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"HER ALIBI": THERE'S NO EXCUSE FOR IT.

SO TOM SELLECK thinks he's a movie star, huh?

After years of trying (in movies like "High Road to China" and "Lassiter"), he teamed up with Ted Danson and Steve Guttenberg in "Three Men and a Baby" and had a monster hit. So now he thinks he's entered Gable and Redford country.

Fat chance.

One good look at his newest movie "Her Alibi" and the world is going to put him right back into the back seat of cloudland celebritihood. The best -- and perhaps only -- way to enjoy the film at all is to be both female and a bit ga-ga over Tom Selleck. If you're neither of those (or only one), "Her Alibi" will seem dreadfully lame.

Heaven only knows why he made this leadenly whimsical "comedy" about a blocked mystery writer who falls in love with a Rumanian murder suspect, but it's got to be among the worst decisions he ever made. Gorgeous international model Paulina Porizkova (who was in "Anna") plays the murder suspect and she's the only one in this movie who comes off at all well.

The truest line of dialogue in the movie comes at the point where Selleck, out of the blue, announces that he'll be the murder suspect's alibi.

"Why are you doing this?" she asks.

"I don't know" he answers.

Words to remember.

I spent most of the movie musing to myself and trying to define just how bad a movie it is. I came to this conclusion: it really wasn't even good enough to be a TV movie. Certainly not in Sweeps Weeks. The most mediocre episode of "Magnum, P. I." was better (the best episodes of shows like "Moonlighting" and "L.A. Law" make movies like this look like the embarrassments they really are).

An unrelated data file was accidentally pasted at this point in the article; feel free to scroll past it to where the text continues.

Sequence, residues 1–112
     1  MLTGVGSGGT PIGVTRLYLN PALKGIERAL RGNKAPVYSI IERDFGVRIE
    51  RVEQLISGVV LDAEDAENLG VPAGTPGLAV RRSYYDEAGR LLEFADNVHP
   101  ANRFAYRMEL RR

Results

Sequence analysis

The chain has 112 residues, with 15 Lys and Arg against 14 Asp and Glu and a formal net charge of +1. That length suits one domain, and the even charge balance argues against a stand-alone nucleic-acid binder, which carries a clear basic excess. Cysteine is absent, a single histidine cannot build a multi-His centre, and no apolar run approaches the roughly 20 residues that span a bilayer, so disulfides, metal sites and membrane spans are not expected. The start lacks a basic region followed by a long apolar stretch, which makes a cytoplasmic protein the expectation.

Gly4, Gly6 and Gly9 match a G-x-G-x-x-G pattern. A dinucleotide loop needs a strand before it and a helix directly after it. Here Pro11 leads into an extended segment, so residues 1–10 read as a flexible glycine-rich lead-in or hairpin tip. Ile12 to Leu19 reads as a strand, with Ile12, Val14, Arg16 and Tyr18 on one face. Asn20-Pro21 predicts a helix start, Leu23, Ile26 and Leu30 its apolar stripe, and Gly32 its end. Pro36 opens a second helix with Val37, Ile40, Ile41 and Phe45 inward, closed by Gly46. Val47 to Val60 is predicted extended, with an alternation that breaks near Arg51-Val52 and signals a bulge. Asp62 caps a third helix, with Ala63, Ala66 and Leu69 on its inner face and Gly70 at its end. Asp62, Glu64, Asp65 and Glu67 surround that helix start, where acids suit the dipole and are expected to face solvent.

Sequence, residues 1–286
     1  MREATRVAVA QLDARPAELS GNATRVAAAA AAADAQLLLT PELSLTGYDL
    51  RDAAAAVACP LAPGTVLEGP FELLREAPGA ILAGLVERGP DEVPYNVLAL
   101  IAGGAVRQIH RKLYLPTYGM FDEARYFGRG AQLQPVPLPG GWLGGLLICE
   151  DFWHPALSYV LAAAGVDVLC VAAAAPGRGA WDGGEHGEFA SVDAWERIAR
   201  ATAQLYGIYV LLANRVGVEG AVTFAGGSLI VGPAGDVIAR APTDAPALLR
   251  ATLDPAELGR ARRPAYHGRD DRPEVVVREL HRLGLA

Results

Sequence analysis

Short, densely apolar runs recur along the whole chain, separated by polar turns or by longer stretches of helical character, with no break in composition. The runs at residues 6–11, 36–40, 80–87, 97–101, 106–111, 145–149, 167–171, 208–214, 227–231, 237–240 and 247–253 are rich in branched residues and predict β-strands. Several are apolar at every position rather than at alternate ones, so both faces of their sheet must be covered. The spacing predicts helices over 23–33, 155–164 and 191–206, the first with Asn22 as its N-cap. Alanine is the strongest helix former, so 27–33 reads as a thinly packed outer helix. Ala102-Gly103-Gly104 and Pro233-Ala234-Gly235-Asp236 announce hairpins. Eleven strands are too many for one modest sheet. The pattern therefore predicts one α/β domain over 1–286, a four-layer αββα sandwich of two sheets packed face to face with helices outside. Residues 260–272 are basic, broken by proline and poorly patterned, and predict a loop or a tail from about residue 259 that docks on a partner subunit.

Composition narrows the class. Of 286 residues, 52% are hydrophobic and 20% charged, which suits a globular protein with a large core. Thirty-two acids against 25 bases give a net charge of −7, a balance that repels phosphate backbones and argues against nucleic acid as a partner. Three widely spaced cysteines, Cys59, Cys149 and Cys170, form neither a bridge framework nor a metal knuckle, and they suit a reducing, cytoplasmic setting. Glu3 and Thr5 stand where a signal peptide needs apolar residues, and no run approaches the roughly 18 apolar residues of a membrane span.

I counted. It has a grand total of four genuinely funny moments, most of which are shown for free in the TV commercial. Two are raw and not very inspired slapstick: Selleck accidentally on the hood of his station wagon smashed against the windshield and Selleck howling around with an arrow stuck in his rump. And two are black humor: a lineup of well-bred dinner guests retching up a poisoned dinner on the porch of a suburban manse and the discovery of a dead cat, apparently a victim of the same dinner.

To know how timidly and perfunctorily it was directed by Bruce Beresford, you have only to know that, despite the rich potential, he makes almost nothing of the latter (don't get me wrong here. I've been a cat owner and fancier for 20 years. Still. . . )

That the film was directed by Bruce Beresford, of "Crimes of the Heart" and "Tender Mercies" fame, shouldn't overly impress anyone. He's also the fellow who directed the fiendishly terrible "King David" (in which Richard Gere's "dance" on entering Jeruselam provided one of the most unintentionally hilarious moments in '80s movies).

Rated PG in the Holiday, Market Arcade, Seneca, Summit, and University Theaters.

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